Soft elastomers and gels are widely applied in many technologies such as pressure sensitive adhesives, soft robotics and stretchable electronics. Understanding their mechanical behaviors is critical for evaluating the mechanical reliability and performance. However, mechanics of soft materials is a challenging task due to its highly nonlinear nature. This is especially true in fracture problems where the present of cracks introduces a severely concentrated strain field at the crack tip.
Starting from the fracture toughness, which quantifies the work required to advance the crack by a unit area, we present a theoretical framework for calculating the energy dissipation associated with crack propagation. Specifically, we focus on a model material system with rate-independent hysteresis: a neo-Hookean solid with Mullins effect. We determine analytical relations between fracture toughness and the parameters governing bulk hysteresis, and quantitatively predict the reduction in fracture toughness due to prestretch.
Experimentally, we present a new approach to map the large deformation field by optically tracking the displacements of randomly distributed tracer particles whose trajectories are further converted to continuous displacement and strain fields through an interpolation scheme. Using a soft silicone elastomer as model system, we verified the accuracy of the method and experimentally observed, for the first time, the asymptotic solution of crack tip deformation field for nonlinear elastic solids with strain stiffening. This method also enables local evaluation of energy release rate through the J-integral and investigation on the crack growth resistance behavior in respect to true crack extension.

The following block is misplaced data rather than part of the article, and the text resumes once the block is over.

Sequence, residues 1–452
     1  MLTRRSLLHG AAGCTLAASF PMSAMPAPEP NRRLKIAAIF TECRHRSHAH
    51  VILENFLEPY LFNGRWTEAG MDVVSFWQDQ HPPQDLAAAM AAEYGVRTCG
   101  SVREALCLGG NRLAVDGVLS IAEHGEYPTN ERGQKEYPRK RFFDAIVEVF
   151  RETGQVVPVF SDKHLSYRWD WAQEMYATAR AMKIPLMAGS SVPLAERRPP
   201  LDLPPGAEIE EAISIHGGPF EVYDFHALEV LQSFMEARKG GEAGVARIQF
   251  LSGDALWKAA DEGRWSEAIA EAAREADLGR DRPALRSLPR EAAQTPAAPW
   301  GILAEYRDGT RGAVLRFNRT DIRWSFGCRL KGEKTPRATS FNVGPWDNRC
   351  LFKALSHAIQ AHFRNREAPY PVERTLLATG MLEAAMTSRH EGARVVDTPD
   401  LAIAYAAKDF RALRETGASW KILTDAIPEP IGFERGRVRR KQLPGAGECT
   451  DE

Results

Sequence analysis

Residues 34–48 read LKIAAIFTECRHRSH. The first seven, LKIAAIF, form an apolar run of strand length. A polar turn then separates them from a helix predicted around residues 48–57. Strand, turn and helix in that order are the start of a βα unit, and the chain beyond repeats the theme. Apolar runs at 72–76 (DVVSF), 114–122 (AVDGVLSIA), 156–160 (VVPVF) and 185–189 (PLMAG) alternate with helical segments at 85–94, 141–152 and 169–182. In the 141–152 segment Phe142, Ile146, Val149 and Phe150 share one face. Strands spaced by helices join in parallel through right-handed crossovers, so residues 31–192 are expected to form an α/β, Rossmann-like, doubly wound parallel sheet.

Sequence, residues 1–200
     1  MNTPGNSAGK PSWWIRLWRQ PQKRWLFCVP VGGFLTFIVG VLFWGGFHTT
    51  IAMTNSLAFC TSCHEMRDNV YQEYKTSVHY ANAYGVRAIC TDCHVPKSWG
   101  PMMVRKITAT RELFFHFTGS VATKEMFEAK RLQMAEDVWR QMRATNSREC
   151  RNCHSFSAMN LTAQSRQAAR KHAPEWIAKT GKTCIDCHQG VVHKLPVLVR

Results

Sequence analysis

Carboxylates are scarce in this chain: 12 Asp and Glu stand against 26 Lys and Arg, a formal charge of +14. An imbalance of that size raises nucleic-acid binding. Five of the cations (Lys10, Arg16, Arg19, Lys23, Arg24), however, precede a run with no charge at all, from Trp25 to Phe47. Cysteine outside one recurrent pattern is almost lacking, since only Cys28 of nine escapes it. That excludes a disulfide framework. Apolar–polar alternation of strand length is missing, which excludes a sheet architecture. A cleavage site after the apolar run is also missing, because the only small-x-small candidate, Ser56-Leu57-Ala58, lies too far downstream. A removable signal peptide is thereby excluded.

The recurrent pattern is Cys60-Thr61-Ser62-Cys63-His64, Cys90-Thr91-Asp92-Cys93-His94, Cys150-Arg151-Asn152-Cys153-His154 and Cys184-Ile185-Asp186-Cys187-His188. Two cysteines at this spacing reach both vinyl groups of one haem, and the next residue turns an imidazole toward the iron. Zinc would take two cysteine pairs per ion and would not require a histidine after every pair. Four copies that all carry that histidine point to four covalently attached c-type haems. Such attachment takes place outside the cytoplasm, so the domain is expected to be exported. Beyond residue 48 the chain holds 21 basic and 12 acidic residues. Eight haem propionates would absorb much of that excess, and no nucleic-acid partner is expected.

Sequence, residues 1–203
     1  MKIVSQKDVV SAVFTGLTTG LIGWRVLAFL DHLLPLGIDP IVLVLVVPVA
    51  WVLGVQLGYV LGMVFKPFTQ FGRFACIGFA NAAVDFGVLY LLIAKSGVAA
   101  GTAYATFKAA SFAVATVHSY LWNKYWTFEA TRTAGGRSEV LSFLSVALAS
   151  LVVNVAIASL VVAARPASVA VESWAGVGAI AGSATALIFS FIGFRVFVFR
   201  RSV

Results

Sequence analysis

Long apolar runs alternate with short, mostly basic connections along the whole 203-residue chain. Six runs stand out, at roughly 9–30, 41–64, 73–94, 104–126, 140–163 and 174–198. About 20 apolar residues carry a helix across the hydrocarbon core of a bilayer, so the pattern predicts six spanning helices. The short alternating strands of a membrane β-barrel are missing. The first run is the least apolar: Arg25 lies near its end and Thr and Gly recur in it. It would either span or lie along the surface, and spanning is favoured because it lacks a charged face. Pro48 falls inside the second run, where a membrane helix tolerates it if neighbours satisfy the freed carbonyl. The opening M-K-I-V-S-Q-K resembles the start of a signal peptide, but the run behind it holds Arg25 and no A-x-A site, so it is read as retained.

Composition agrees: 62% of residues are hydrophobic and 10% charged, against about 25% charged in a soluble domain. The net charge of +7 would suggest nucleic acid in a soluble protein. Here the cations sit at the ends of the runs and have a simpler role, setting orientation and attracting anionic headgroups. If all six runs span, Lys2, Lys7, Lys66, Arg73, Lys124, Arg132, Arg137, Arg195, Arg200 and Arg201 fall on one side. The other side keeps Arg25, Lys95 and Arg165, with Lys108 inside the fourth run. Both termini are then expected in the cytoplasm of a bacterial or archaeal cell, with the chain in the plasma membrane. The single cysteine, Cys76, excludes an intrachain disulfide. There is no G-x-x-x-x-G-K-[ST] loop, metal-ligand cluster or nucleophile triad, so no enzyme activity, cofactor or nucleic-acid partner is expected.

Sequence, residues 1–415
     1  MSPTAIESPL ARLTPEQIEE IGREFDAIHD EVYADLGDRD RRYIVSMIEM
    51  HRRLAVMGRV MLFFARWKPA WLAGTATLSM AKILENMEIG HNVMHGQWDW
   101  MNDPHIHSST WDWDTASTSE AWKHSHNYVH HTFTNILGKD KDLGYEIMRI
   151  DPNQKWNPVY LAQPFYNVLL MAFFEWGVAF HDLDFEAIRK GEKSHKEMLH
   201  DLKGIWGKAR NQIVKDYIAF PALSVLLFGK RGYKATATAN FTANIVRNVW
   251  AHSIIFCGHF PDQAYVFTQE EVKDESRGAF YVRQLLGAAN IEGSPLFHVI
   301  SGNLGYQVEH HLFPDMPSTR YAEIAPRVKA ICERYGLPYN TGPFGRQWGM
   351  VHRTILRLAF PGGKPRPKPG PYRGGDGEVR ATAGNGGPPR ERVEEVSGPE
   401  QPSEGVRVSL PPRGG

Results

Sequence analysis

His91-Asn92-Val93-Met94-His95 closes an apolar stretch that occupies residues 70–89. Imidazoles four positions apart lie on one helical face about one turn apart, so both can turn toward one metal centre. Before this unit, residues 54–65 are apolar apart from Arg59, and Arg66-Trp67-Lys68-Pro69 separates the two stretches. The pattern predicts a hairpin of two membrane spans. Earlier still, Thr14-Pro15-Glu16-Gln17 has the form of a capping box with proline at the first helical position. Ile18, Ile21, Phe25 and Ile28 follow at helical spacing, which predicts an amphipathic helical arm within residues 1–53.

Next, we explore crack propagation in a highly stretchable viscoelastic material. We examine the steady state assumption adopted in most theories, where the strain and stress fields in the solid translate with the crack tip in a constant speed. We also study the relation between the viscoelastic dissipation and crack propagation velocity.
Lastly, we extended the particle tracking method in three dimensions to study the local contact mechanics between PDMS pillars and a polyacrylamide hydrogel. Using confocal microscopy, we track the fluorescent beads embedded in the hydrogel and analyze the influence of the indentation depth and the shape of the pillar on the global shear force.
|Commitee:||Long, Rong, Vernerey, Franck, Rentschler, Mark, Xiao, Jianliang, Jimenez, Francisco Lopez|
|School:||University of Colorado at Boulder|
|School Location:||United States -- Colorado|
|Source:||DAI 81/11(E), Dissertation Abstracts International|
|Keywords:||Dissipation, Fracture mechanics, Large deformation, Particle tracking, Soft materials|
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